Notre Dame players seem to appreciate Holtz's upbeat manner. No matter how crummy the weather, he walks around saying, "What a great day to work." Already the players are walking around saying this to each other, occasionally even believing it. Of course, they think Holtz went a little too far when, on a windy, harsh day, he exuded, "What a great day to work. I tell you, people come to South Bend to vacation." And after practice recently, Holtz asked a wealthy alum to say a few words to the team. The man did, and conceded along the way he was "fat." Holtz responded, "I don't think you're fat. But I do think for your weight, you should be nine-three." The players, tired and sweaty and dirty and sore, howled.
The Irish may not be very good right now, but they sure are slow. The situation is the perfect one for Holtz, who is at his best in bringing out the best in athletes in unpromising circumstances. He did it at North Carolina State, at Arkansas, and most definitely he did it at Minnesota, where he promised, "We will get the heart and soul of our football team from the state of Minnesota. However, we'll have to go elsewhere for the arms and legs."
Holtz is a kind of combination snake-oil salesman, evangelist and hard-nosed business executive. That means he is constantly talking out of both sides of his mouth. At one moment he is saying last year's pass rush was so bad that the opposition either "completed the pass or the quarter ended." In the next breath he is saying of his players that, "If you can't hug 'em, pat 'em and brag about 'em, you don't want 'em on the team. Well, I can do that with all mine, and there are some pretty good athletes. We have a lot of ingredients."
So he is trying to poor-mouth and praise all at once. It's a fine line, just like the one between comedy and tragedy. Former Notre Dame coach Ara Parseghian says he thinks Faust got in big trouble because he kept talking about national championships and about how good the players were—while getting tied by Oregon. Says Parseghian: "The players got to thinking, 'Hmmm, either I'm not as good as he says or I'm not getting good coaching.' " Of course, it didn't take the players long to come to their conclusion. The fans concurred.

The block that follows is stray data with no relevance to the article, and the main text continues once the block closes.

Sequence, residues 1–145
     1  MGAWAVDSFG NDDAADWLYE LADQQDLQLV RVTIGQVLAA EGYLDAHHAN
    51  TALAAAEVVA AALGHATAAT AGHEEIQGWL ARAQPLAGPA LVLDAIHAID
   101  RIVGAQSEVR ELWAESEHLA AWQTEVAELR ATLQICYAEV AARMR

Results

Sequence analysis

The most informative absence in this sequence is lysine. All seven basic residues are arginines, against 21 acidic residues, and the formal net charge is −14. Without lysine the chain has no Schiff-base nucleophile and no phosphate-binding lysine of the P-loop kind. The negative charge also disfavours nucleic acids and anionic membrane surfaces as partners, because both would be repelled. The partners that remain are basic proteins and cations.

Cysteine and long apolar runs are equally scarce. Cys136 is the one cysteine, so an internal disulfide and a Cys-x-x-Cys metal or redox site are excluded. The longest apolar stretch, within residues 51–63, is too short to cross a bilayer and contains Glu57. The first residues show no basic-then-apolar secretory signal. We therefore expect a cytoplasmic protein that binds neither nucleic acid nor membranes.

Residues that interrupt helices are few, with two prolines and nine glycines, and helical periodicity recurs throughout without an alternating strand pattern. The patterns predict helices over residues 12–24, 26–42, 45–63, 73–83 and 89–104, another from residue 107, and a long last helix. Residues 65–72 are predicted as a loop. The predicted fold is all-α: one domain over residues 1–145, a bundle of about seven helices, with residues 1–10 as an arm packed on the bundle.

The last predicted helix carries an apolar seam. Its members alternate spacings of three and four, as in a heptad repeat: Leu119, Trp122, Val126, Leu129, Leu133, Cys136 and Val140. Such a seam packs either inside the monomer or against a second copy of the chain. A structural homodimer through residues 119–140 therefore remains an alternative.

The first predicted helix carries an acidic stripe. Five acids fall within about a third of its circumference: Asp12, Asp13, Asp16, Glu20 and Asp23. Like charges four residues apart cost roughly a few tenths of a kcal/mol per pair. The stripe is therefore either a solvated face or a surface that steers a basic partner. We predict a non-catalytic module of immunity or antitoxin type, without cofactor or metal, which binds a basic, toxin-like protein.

Holtz knows the value of humor and says simply, "If they laugh, they're with you." The Irish are laughing. The other day quarterback candidate Terry Andrysiak was doing well in practice, and Holtz hollered, "Not bad—for a nonathlete." He actually got a chuckle out of that. Well, the players were tired.
In openly critcizing the Irish football program, Holtz has taken some unkind swipes at Faust, who is now coach at Akron (See box, page 40). Holtz says he was appalled to find six quarterbacks on scholarship—and only four defensive linemen, two of whom are hurt. Holtz feels every recruited quarterback must be able to play another position. So, can any of them play elsewhere? "Yeah, I think one may be able to play shortstop." Pointing out such an inexplicable imbalance in recruiting is a slam on Faust. But, come on, whose fault is it? Holtz isn't mean about it, but it's a fact; he doesn't like it; and he'll do the best he can to cope with it.
This spring Holtz is working in six specific areas to put the glitter back on the Dome:
•Discipline. When Holtz was introduced last December, he walked in front of the slouching, lounging players and—without joking—immediately had them sitting up straight, paying attention and ready to learn. Says linebacker Mike Kovaleski, "All you heard was body language." The team was undisciplined. The Irish were penalized 603 yards to the opponents' 340 last season. No wonder Holtz explodes when he sees offensive guard Shawn Heffern jump offside. "Give Heffern a message for me," he says. "Tell him if the quarterback doesn't start giving him the snap count, I'm going to get me a new quarterback."
No longer are the players late to meetings; no longer are they likely to wear dirty football pants day after day. Discipline also means resolve, and the Irish have lacked that, too. Under Faust, in the 15 games in which Notre Dame was behind at half, the Irish came back to win only one. These days discipline is much more in evidence. Winter workouts several days a week at 6:15 in the morning certainly helped. These sessions were called quickness and agility drills, but don't be deceived by the benign terminology. There was plenty of throwing up. Veteran assistant coach Joe Yonto says, "It was good. It gave 'em a chance to work up an appetite." Previously these workouts had been not only loose but in the afternoons. "Yes, sir" is the phrase these days in South Bend.